- Light defines lines.
- Light creates textures.
- Light determines colors.
When I created a nature photograph, I strive always to control these 3 elements in order:
- The décor.
- The natural light.
- The photographic elements.
Light comes second. Controlling it is essential to write correctly photographically. Its goal is to highlight the centers of interest by creating contrasts and models. They will create the famous 3D effect that I sought after permanently
A Little Bit of Etymology
The etymology of the word photography comes from two roots of Greek origin. The prefix photo means "who uses light". The suffix spelling means "which results in an image".
Natural Light is Necessary but not Sufficient
Following this etymological analysis, you would think that photography comes down to good management of light natural.
I thought that in nature photography, light is not sufficient.
I place this always the decor in my scale of the components of an image.
Light is a necessary condition for creating a beautiful nature photograph, but it is not sufficient. Without a well-chosen decor with a strong impact, a nature photo remains poor, without much interest.
This is certainly not true in other photographic fields. But as I do not master them as the photography of nature, I will avoid giving my opinion.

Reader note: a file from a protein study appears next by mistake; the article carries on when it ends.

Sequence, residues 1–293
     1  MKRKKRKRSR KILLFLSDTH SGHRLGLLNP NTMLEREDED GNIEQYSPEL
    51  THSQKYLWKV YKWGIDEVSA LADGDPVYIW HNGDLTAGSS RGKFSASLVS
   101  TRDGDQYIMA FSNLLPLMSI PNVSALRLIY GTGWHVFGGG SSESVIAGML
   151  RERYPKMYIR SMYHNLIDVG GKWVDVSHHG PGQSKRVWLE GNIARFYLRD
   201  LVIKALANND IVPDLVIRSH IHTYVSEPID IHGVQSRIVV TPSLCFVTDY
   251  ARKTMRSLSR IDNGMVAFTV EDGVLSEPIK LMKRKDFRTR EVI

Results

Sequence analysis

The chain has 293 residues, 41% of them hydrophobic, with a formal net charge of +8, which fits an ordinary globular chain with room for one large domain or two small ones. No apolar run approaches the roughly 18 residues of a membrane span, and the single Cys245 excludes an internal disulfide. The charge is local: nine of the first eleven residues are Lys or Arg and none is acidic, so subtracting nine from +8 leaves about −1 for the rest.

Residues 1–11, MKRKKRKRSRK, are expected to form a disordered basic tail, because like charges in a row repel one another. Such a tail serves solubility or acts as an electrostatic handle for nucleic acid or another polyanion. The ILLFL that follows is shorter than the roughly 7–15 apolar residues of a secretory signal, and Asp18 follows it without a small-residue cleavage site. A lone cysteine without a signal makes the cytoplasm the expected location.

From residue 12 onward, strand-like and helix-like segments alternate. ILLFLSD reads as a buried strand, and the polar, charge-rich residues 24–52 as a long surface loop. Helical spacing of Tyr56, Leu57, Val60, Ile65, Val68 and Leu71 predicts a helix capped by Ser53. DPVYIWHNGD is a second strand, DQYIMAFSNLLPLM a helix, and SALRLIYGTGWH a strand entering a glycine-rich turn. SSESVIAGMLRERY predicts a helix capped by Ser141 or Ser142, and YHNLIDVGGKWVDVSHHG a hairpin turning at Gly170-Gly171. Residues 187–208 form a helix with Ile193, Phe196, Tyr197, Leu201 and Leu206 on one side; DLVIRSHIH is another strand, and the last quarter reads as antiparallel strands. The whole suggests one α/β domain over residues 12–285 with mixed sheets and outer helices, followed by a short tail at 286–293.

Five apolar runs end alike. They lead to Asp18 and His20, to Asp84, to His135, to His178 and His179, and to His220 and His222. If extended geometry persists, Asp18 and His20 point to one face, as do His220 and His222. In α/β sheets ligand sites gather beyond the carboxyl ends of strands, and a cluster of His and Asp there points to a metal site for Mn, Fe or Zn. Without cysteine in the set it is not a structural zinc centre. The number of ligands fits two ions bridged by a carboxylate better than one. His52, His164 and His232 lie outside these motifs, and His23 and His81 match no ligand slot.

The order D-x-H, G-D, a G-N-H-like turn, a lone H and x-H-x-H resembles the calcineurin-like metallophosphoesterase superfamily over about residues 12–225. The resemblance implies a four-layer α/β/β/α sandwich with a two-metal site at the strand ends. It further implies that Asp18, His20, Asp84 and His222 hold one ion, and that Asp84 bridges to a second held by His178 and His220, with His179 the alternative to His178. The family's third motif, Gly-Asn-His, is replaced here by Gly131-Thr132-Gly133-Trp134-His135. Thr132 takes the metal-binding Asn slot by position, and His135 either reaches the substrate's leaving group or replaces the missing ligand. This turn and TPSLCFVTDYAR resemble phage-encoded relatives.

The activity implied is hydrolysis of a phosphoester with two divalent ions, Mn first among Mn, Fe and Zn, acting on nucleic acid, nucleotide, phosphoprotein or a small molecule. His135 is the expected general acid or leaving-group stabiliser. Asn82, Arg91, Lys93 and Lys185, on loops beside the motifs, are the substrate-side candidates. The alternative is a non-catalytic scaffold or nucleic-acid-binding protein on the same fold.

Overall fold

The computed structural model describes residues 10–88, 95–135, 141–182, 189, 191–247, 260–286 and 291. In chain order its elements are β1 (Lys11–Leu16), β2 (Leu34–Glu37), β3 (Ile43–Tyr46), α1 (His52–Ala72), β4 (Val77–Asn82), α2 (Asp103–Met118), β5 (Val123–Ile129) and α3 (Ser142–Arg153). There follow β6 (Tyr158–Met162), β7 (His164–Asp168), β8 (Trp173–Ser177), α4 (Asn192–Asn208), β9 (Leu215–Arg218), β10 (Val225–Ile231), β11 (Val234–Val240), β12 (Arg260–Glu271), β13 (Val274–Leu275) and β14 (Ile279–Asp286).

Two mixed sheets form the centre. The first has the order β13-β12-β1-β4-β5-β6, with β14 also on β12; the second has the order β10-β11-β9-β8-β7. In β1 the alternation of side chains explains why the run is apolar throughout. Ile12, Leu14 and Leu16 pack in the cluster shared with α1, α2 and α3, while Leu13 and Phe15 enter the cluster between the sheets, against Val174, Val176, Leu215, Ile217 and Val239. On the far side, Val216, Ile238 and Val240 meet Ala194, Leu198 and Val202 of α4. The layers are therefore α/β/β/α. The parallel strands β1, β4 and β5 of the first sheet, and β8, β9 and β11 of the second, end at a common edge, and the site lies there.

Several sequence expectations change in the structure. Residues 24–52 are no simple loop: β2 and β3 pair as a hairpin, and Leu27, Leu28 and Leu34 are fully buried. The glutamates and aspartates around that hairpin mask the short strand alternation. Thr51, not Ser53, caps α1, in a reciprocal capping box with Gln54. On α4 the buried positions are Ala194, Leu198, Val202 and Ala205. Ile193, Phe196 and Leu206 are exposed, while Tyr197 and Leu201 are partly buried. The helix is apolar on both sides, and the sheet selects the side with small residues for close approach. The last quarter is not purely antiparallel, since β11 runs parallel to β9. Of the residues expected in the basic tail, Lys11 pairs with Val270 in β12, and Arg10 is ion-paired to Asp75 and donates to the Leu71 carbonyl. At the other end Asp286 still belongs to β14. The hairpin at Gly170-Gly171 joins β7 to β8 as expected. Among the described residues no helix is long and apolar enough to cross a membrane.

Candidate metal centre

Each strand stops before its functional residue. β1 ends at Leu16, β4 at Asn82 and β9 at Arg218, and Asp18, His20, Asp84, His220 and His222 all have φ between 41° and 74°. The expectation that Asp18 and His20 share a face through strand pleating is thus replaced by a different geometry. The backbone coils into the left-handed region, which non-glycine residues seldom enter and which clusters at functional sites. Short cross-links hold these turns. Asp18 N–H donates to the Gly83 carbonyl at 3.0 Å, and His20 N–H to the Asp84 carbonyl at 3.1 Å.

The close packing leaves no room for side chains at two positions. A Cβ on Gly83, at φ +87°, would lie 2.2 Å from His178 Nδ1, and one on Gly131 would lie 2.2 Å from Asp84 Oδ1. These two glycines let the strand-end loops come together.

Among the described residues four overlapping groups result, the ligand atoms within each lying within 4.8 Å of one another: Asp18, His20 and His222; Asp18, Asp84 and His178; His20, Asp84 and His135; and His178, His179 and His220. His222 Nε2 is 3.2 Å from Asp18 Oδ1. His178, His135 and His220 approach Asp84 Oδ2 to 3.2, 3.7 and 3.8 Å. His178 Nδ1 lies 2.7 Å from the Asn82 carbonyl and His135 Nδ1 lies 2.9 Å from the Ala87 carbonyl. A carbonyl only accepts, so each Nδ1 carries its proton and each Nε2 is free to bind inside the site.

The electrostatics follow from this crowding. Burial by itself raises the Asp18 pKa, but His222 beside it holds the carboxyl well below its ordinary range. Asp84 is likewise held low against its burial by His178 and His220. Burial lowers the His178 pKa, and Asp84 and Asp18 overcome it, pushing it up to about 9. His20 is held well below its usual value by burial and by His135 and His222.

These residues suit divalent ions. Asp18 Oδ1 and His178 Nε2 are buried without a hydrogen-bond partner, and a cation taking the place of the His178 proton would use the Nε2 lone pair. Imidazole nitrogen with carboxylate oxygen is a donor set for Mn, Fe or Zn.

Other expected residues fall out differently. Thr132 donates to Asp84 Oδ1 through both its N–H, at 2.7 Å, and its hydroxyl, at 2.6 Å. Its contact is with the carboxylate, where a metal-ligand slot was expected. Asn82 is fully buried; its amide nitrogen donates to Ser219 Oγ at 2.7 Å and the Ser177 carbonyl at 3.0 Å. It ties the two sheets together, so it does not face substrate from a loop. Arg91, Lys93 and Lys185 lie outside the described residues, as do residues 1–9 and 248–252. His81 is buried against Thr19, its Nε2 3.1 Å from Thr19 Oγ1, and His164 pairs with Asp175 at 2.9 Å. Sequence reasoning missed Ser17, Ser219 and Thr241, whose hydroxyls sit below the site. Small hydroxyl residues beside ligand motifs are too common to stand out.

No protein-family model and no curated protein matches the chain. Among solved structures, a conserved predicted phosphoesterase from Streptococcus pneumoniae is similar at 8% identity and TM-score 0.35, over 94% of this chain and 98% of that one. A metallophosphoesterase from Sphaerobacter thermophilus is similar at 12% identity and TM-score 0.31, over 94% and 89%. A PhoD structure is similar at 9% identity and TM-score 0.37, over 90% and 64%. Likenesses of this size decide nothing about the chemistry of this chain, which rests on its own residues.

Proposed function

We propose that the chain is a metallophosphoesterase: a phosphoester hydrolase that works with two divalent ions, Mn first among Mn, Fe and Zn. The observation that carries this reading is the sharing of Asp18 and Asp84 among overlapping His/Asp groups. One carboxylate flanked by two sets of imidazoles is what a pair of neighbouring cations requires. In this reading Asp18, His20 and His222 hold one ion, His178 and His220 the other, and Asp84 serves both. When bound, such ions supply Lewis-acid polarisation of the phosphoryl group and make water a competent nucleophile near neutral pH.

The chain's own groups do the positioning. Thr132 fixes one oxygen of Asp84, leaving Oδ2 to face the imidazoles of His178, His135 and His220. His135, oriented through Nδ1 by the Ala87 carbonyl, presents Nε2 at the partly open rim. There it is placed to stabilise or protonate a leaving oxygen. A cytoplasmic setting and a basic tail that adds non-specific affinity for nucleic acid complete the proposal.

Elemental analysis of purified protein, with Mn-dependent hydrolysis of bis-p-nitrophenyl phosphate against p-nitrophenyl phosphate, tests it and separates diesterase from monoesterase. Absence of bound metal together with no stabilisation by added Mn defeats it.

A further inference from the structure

The Purpose of Natural Light in Nature Photography
It is different according to the hours, the seasons. In addition, the choice of the point of view can completely change its rendering on the scene.
I advise you to always favor the light at the beginning and end of the day because the sun is low. It is at these moments that the best contrasts are obtained. The low-angle lighting creates plays of light and shadow. These shadows create relief around the photographic element centers. This is what gives depth to the photo.
In photo language, it is said that a zenith sun crushes the scene. The absence of contrast and modeling makes the centers of interest seem flat.
You must know how to harness the heat of the lights. The morning lights are cold. The evening lights are warmer.
Playing with lights can completely change the nature of a scene.
Light Direction is Essential
The presence of natural light on a nature scene is not sufficient. You have to consider its direction.
If the sun is behind you, then the stage will be flat in terms of volumes.
If the sun is facing (it is the backlight technique) then the centers of interest will be in silhouettes which are also called shadow puppets. The scene becomes suggestive.